Perhaps during the shutdown, when you’re watching more TV than you might like to admit, you’ve seen some new commercials a bit like this: a happy face-masked employee on the line or in a lab displaying all the sanitizing and other pandemic-related safety precautions that the company is taking to protect the employee’s work environment. Cut to the employee at home with giggling youngsters, illustrating the importance of safety measures at work to protect family at home. Or a company emphasizing the value of its employees in keeping the country moving forward or its employees in lab coats that persevere to find a cure no matter what. Or a shot of employees performing the essential service of implementing safety measures for customers. What’s the point? To drive home that a company that recognizes the value of its employees and manifests such concern for their safety and welfare is a company worth buying from. This new emphasis on employee welfare as a corporate selling point may have been sparked by COVID-19 but, at another level, it may well reflect broader concerns that have been marinating for a while—about the essential value of previously overlooked elements of the workforce, about physical risk allocation, about economic inequity and, to some extent, even about social justice.
How to address some of these concerns related to the workforce—particularly economic inequity—is the subject of a new paper co-authored by former Delaware Chief Justice Leo Strine, “Toward Fair Gainsharing and a Quality Workplace for Employees: How a Reconceived Compensation Committee Might Help Make Corporations More Responsible Employers and Restore Faith in American Capitalism.” The goal is to reimagine the compensation committee so that it becomes the board committee “most deeply engaged in all aspects of the company’s relationship with its workforce,” from retaining and motivating the workforce to achieve the company’s business objectives, to overseeing that the company fulfills its obligations as a responsible employer and, most of all, to positioning the company to “restore fair gainsharing.”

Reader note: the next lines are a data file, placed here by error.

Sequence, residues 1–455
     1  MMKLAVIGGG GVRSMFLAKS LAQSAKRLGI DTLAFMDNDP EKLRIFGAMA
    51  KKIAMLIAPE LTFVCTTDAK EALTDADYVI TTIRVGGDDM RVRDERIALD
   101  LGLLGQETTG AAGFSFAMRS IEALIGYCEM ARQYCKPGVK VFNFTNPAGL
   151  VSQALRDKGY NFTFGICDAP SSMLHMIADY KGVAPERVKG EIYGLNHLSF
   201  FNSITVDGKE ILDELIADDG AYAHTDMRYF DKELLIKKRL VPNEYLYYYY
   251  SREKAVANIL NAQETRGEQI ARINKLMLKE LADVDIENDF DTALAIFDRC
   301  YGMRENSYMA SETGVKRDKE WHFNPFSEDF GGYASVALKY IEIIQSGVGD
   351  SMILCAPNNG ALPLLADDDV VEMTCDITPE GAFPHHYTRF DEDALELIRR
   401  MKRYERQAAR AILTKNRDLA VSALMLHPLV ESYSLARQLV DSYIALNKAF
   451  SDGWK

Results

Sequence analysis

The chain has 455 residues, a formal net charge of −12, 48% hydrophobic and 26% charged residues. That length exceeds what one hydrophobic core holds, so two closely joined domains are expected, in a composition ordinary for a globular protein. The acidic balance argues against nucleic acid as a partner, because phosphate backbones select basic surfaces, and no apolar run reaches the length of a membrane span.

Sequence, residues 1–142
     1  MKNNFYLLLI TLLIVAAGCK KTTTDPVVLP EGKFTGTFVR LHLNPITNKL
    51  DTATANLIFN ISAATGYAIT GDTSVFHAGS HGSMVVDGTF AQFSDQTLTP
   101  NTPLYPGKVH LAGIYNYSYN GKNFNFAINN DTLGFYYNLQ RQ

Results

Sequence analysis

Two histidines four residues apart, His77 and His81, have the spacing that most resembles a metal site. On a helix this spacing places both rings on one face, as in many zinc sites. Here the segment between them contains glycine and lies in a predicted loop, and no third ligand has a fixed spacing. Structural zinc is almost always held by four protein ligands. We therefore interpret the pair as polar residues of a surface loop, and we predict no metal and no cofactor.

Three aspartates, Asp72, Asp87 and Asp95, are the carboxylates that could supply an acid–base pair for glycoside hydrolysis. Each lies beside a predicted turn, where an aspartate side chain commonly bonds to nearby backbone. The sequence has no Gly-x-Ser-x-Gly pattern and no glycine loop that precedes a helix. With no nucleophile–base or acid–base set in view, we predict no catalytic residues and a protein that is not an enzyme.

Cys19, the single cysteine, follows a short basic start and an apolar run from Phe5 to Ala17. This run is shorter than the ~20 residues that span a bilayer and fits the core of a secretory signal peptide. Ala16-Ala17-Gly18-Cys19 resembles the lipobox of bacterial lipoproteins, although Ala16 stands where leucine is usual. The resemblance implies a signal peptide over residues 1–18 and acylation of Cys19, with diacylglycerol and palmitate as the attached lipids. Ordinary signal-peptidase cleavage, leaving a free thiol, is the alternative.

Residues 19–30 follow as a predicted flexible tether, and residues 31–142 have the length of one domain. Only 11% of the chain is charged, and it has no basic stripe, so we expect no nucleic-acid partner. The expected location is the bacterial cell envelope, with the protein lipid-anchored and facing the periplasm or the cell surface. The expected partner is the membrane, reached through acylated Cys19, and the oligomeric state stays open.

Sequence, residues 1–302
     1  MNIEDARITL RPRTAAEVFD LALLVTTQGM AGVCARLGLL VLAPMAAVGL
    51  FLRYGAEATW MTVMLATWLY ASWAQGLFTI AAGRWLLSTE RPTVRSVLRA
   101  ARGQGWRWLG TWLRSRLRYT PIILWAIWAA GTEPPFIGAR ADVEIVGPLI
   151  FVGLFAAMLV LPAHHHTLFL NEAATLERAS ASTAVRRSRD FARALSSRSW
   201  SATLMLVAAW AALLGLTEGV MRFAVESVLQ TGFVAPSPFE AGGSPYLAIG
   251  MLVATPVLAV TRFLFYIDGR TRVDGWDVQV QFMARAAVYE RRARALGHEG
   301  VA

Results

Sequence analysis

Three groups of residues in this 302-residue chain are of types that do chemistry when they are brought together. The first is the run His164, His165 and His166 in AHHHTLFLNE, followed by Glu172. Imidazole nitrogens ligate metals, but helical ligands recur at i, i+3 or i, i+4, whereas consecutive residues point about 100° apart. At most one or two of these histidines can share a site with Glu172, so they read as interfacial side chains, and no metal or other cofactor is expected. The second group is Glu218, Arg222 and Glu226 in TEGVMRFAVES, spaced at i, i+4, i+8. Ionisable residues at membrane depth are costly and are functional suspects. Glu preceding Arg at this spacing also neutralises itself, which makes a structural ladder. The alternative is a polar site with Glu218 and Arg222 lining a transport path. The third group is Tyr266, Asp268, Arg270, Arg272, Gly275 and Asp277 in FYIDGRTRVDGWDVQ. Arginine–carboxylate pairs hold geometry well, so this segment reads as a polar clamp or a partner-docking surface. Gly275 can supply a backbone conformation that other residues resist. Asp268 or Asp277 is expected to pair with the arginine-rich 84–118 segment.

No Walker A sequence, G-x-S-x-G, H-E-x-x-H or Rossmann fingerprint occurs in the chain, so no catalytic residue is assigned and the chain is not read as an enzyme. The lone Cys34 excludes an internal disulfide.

As discussed in this PubCo post, in November of last year, the U.K. Government published a “Green Paper” on Corporate Governance Reform, which, in the face of rising economic inequality, sought “to consider what changes might be appropriate in the corporate governance regime to help ensure that we improve business performance and have an economy that works for everyone.” The Paper requested input on several proposals, including pay-ratio disclosure, giving employees more influence on company boards and making say-on-pay votes binding, leading to “a broad-ranging debate on ways to strengthen the UK’s corporate governance framework.” The results are now in. Corporate Governance Reform, The Government response to the green paper consultation identifies nine proposals for reform that the U.K. Government intends to advance. The reforms, many of which would not require legislation, are expected to become effective by June 2018 to apply in the following fiscal years. Whether any of these reforms will have a significant impact—either at home in the U.K. or as an influence abroad in the U.S.—remains to be seen.
Hitting populist note, U.K. proposes enhancements to corporate governance — will the new U.S. administration follow the populist playbook?
by Cydney Posner One of the prevailing narratives of the recent Presidential election was that the same gestalt that drove the Brits to vote for Brexit also animated the pro-Trump forces and led to his presidential victory. Why then, when it comes to regulation of corporate conduct, do the two […]
Does a low favorable vote for a say-on-pay proposal affect directors’ reputations outside the company?
by Cydney Posner As discussed in a PubCo post last week, say on pay has had some surprising consequences. While there hasn’t been much impact on the levels of executive pay, according to this paper, one group that have experienced some impact from say on pay are directors. The academic study indicates […]